Ministers' failure to communicate over teachers' pay alienates their major allies. William Stewart reports
The Government has jeopardised relations with its staunchest teaching union allies by proposing controversial changes to teachers' pay without consulting them first.
The National Association of Schoolmasters Union of Women Teachers and the Association of Teachers and Lecturers are annoyed that ministers went straight to the School Teachers' Review Body with their recommendation to cut the number of experienced teachers progressing up the performance pay scale, and to limit overall pay increases to 2.5 per cent.
The unions say they believe the issues are of a similar complexity, sensitivity and scale to those being tackled via the workload deal and should be addressed through the same partnership arrangements.
In joint evidence to the review body, they warn that any attempt to impose the pay changes unilaterally would endanger the "historic and constructive" course they had embarked upon with the Government.
Eamonn O'Kane, general secretary of NASUWT, said the two unions were calling on the review body to recommend a continuation of the discussions that led to the workload agreement.
"Such negotiations could help resolve some of the contentious issues raised in the Department for Education and Skills' evidence and would be a concrete development of the social partnership between the teacher organisations and government," he said.
Their stance is backed by John Dunford, general secretary of the Secondary Heads Association, who is also a staunch supporter of the workload agreement.
"The Government and the unions working on their own was the old model," he said. "We have now moved into a new era of partnership through the workforce monitoring group, and it would be sensible to build on that."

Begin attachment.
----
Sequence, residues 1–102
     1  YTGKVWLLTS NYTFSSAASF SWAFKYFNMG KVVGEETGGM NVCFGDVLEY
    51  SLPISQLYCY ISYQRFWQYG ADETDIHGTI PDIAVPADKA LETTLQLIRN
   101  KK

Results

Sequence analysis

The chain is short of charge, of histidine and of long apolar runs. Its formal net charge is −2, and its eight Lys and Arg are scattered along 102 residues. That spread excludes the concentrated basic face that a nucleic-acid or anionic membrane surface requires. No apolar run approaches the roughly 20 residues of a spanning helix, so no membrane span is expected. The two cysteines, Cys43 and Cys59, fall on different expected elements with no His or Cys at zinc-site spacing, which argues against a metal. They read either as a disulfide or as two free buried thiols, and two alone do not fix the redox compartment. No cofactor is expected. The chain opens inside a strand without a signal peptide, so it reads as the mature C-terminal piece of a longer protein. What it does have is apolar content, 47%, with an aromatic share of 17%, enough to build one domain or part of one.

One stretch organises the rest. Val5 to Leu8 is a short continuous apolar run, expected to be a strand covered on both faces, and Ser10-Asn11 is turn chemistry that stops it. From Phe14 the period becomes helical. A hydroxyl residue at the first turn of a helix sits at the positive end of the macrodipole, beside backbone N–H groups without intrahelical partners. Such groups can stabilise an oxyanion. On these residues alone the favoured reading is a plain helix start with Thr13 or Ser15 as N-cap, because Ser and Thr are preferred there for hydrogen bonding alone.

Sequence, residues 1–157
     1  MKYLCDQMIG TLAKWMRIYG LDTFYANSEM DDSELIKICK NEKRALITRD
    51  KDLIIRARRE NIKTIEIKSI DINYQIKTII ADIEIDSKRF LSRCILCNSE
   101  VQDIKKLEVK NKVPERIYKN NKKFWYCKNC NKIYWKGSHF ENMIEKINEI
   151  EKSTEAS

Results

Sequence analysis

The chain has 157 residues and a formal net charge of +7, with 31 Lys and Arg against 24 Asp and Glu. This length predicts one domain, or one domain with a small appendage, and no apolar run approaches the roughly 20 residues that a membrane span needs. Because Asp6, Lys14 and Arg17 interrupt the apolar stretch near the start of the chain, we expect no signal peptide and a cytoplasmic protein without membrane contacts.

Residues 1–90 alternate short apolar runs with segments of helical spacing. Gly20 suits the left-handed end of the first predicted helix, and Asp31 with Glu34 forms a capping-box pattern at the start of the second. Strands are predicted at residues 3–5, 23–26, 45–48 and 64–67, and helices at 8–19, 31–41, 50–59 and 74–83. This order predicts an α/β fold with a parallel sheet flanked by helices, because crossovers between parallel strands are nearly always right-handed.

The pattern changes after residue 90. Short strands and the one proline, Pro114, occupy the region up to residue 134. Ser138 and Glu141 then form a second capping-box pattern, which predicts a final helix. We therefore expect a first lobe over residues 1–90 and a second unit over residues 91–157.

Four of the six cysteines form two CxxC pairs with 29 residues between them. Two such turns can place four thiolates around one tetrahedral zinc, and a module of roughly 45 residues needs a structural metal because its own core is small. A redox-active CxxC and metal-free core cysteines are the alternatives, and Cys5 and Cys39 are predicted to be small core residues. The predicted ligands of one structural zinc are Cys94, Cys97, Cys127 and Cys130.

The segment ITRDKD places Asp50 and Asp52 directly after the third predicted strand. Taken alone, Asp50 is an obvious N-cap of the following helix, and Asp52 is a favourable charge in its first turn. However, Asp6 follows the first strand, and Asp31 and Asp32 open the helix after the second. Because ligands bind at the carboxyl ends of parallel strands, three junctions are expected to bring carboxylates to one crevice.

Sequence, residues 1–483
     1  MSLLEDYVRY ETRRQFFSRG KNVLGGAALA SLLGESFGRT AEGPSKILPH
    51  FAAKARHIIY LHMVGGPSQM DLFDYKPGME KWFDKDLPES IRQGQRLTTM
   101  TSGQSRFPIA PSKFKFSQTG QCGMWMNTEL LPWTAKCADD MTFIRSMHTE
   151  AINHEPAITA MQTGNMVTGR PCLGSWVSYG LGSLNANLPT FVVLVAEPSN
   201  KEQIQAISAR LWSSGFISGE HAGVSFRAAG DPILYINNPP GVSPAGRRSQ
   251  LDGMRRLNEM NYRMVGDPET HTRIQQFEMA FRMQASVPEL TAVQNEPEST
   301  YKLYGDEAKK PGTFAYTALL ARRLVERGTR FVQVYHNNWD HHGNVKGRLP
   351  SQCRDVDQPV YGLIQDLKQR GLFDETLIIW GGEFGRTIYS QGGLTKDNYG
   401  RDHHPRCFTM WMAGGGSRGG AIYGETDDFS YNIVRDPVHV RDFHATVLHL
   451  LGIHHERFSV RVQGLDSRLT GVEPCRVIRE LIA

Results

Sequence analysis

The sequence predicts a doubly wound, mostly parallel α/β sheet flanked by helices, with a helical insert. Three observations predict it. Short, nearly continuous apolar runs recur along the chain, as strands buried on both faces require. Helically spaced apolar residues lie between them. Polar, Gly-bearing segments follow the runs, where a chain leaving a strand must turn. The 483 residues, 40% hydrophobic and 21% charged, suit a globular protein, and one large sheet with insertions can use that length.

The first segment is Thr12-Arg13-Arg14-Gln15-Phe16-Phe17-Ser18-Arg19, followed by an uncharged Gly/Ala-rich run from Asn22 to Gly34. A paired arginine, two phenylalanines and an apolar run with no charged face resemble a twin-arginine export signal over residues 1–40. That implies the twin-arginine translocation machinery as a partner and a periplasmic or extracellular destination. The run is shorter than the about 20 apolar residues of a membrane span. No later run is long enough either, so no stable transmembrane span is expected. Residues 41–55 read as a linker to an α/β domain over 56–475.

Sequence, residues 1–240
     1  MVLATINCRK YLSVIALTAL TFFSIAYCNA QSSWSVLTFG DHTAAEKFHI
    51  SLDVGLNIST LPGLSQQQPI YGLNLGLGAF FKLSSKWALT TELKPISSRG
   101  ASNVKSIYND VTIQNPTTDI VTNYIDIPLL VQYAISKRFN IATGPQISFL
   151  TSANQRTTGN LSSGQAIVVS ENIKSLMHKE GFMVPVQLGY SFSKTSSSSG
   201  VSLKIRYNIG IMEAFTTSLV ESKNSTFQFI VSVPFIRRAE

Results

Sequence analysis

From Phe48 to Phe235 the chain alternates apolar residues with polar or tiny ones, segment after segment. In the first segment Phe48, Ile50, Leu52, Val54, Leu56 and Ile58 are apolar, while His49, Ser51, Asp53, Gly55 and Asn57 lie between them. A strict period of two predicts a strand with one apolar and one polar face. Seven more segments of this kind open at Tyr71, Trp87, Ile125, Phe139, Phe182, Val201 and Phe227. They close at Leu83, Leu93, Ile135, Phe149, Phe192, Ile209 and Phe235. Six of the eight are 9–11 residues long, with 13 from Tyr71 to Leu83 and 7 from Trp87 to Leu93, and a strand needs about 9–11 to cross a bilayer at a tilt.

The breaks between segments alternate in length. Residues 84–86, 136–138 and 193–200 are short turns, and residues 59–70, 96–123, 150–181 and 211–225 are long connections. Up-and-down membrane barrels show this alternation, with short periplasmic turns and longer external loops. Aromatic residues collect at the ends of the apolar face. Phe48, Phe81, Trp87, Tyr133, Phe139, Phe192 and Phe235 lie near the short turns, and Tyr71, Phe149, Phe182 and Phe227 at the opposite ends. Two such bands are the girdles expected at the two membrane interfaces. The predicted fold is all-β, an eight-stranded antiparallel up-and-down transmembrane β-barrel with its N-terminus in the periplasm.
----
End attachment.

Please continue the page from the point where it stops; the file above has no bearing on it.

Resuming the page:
The news comes as opposition to the detail of the proposals mounts up. The National Association of Head Teachers has already threatened a boycott of the performance pay system because of the Government's plan to cut by two-thirds the number of teachers able to move on to the next stage of the upper pay scale - worth pound;1,100.
In joint evidence submitted with SHA, the NAHT has said it will be "impossible" to put the changes in place by September 2004 anyway.
The heads' associations, which are proposing a single integrated pay scale, describe the Government's "arbitrary" 30 per cent limit as a potential "industrial relations disaster".
In their joint evidence, the NASUWT and ATL restate their opposition to what they see as an artificial quota for performance pay. They also say that a pay rise of 2.5 per cent would make teachers' pay less competitive with other professions.
Evidence from the National Union of Teachers, which did not sign the agreement, says that a real-terms pay freeze until 2006 would intensify teacher recruitment problems. It also condemns the Government's plans for limiting progress up the upper pay spine as a "broken promise".
Even the most moderate of the teaching unions, the Professional Association of Teachers, has attacked the Government's proposals on performance pay as illogical and unjustifiable.
A Department for Education and Skills spokesman said: "We have a positive relationship with the NASUWT and ATL and there should have been no surprises in the evidence which the department submitted. We have made clear that we remain open to discussion before we submit fresh evidence in the next few weeks."
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